Reading Crystal Values

Hello I found some 2 pin crystal oscillators on various boards. However, I cannot figure out what values they are. I also do not have an oscilloscope.

They are marked, and these are their markings: R250CTB4F R160CTC4M R282CTB4A R0749000 R1430A16

My hunch is 25Mhz, 16Mhz, 7.49Mhz, 14.30Mhz. I may be wrong. Could someone shed some light?

Thanks!

Whats your guess on the R282CTB4A?

I tried a few google combinations, not seeing anything.

I found some 2 pin crystal oscillators

Not to nick pick, but I suspect what you have are some 2 pin crystal resonators. An oscillator would include a frequency determining resonator and a amplifier. In the standard arduino setup a crystal resonator is wired to the chip which contains an internal amplifier to form a crystal controlled oscillator. I bring this up because there are avalible external crystal oscillators that can come in a 4 pin package that have a ground, power, and TTL signal output pin that outputs a square wave at designed frequency.

Crystal resonator = : http://www.sparkfun.com/products/536

Crystal oscillator = : http://www.goldmine-elec-products.com/prodinfo.asp?number=G16490

A Atmel AVR controller chip can be setup to utilize either kind of device with proper fuse settings.

Lefty

Thanks retrolefty. I was wondering something along those lines. Sparkfun should rename that category to resonators...and they should add some 4 pin oscillators...so I can buy them... :)

The 4 pin oscillators are what I want for my external AM transmitter. Unfortunately I can't find any under 1.7Mhz. The old motherboard I have only has the 2 pin resonators that are of unknown frequency. I checked motherboards, soundcards, graphics card, wifi router, ethernet card, and even 7 old cellphones. The cellphones have the 4 pin SMD oscillators as well as resonators, but none in the desired frequency.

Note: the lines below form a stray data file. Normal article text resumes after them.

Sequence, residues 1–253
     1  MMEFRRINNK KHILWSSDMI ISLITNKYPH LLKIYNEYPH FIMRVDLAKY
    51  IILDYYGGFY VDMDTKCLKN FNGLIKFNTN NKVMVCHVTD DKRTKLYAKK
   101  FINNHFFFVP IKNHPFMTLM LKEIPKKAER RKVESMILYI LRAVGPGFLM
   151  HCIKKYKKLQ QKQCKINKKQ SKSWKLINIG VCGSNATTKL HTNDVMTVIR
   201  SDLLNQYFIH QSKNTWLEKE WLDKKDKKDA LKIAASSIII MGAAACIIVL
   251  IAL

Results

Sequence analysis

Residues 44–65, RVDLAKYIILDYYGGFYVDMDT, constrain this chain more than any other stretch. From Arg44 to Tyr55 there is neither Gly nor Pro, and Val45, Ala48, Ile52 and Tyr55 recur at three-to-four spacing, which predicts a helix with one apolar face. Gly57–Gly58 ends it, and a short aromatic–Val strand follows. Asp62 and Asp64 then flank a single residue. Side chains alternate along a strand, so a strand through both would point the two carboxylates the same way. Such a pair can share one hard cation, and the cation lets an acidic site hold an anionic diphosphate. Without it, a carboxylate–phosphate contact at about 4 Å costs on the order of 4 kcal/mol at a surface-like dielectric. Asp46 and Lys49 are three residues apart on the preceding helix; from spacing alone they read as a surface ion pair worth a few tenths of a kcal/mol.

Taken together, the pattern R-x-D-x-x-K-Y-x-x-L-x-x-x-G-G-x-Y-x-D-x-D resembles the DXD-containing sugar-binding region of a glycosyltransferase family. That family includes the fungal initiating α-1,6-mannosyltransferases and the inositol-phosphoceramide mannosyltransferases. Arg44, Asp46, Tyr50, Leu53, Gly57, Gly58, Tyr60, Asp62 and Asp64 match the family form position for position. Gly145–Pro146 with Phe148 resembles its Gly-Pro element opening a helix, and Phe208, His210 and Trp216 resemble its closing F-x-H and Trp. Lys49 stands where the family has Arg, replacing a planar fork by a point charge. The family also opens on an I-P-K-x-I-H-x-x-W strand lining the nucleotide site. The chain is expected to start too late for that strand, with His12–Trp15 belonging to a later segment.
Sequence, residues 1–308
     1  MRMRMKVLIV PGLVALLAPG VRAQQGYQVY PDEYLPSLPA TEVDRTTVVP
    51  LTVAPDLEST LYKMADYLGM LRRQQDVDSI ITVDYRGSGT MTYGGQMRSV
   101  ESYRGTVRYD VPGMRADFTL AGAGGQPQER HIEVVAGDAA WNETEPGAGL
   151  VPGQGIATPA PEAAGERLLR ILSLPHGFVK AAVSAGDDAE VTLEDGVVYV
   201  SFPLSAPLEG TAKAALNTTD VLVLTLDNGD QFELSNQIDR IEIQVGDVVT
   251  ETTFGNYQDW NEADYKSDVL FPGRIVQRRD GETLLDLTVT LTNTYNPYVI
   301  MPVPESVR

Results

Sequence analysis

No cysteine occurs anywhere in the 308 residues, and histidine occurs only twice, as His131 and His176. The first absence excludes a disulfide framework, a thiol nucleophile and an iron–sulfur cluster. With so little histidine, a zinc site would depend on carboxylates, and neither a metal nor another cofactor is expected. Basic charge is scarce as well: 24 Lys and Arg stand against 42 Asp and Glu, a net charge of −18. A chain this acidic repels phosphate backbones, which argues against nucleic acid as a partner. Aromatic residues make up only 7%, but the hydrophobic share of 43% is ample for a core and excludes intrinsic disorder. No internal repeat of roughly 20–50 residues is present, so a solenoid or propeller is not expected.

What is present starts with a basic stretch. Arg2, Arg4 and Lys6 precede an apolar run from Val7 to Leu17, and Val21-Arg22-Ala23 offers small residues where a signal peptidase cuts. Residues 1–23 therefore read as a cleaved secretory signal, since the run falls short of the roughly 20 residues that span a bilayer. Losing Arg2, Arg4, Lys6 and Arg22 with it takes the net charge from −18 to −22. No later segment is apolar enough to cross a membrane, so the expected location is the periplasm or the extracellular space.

I tried 555 oscillation for AM radio and I thought it was too noisy and weak. I'm considering having the arduino feed input into the mic input of a walkie talkie...but I find that to be overkill and not as fun. :/

I have a broken radio controlled car. I'm going to try and reconfigure the radio circuit to send my own signals via arduino.

Jameco has four page of crystal oscillators:

http://www.jameco.com/webapp/wcs/stores/servlet/StoreCatalogDrillDownView?rf=1&history=r2v6cnju%7CfreeText%7Eoscillator%5Esearch_type%7Ejamecoall%5EprodPage%7E15%5Epage%7ESEARCH%252BNAV@6tlxrdl3%7Cposition%7E61%5Erf%7E1%5Erefine%7E1%5EprodPage%7E15%5Epage%7ESEARCH%252BNAV@tv1ihkn3%7Cposition%7E31%5Erf%7E1%5Erefine%7E1%5EprodPage%7E15%5Epage%7ESEARCH%252BNAV&position=1&refine=1&langId=-1&catalogId=10001&storeId=10001

A 1Mhz model would work in the AM band. And recall you can divide down any frequency by powers of two with simple logic flip-flops and counter chips.

Lefty

Thanks for the suggestion!

I ordered some stuff from digikey. Among them were two 1 Mhz crystal oscillators (4 pins).

Just to be safe. 1 Mhz, or 1000 Khz, is a legal band to broadcast on at under 100millivolts or less than 200ft reception right?

Also, how do frequency dividers work? I only recall flip-flops being used as railroad crossing signals...unless I'm missing the point.

Thanks!

Catcher: Thanks for the suggestion!

I ordered some stuff from digikey. Among them were two 1 Mhz crystal oscillators (4 pins).

Just to be safe. 1 Mhz, or 1000 Khz, is a legal band to broadcast on at under 100millivolts or less than 200ft reception right?

I believe that is still correct, however it's milliwatts not millivolts. There might also have been some antenna length and higth restrictions also.

Also, how do frequency dividers work? I only recall flip-flops being used as railroad crossing signals...unless I'm missing the point.

Pretty simple, with a type D flip-flop, if you wire the Q bar output to it's D input, and apply a digital clock frequency to the clock input, the Q output will be one half the input frequency. Binary counter chips are simply multiple flip-flops in a single package. So a 4 stage binary counter chip will have available the input frequency /2, /4, /8, /16 depending on which stage you take the output signal from.

Lefty Thanks!

Catcher is in MA, US rules will apply.

CrossRoads:
Catcher is in MA, US rules will apply.

MA?, hell that’s the home of bootleg broadcasting along, with it’s sister in heart, Berkeley, CA. All FCC rules are seem impotent there. There has been a guy living in a tree in Berkeley running a 20 watt FM band transmitter for years now. The Feds just seem to ignore him, probably because he doesn’t smell very good. :wink:

Lefty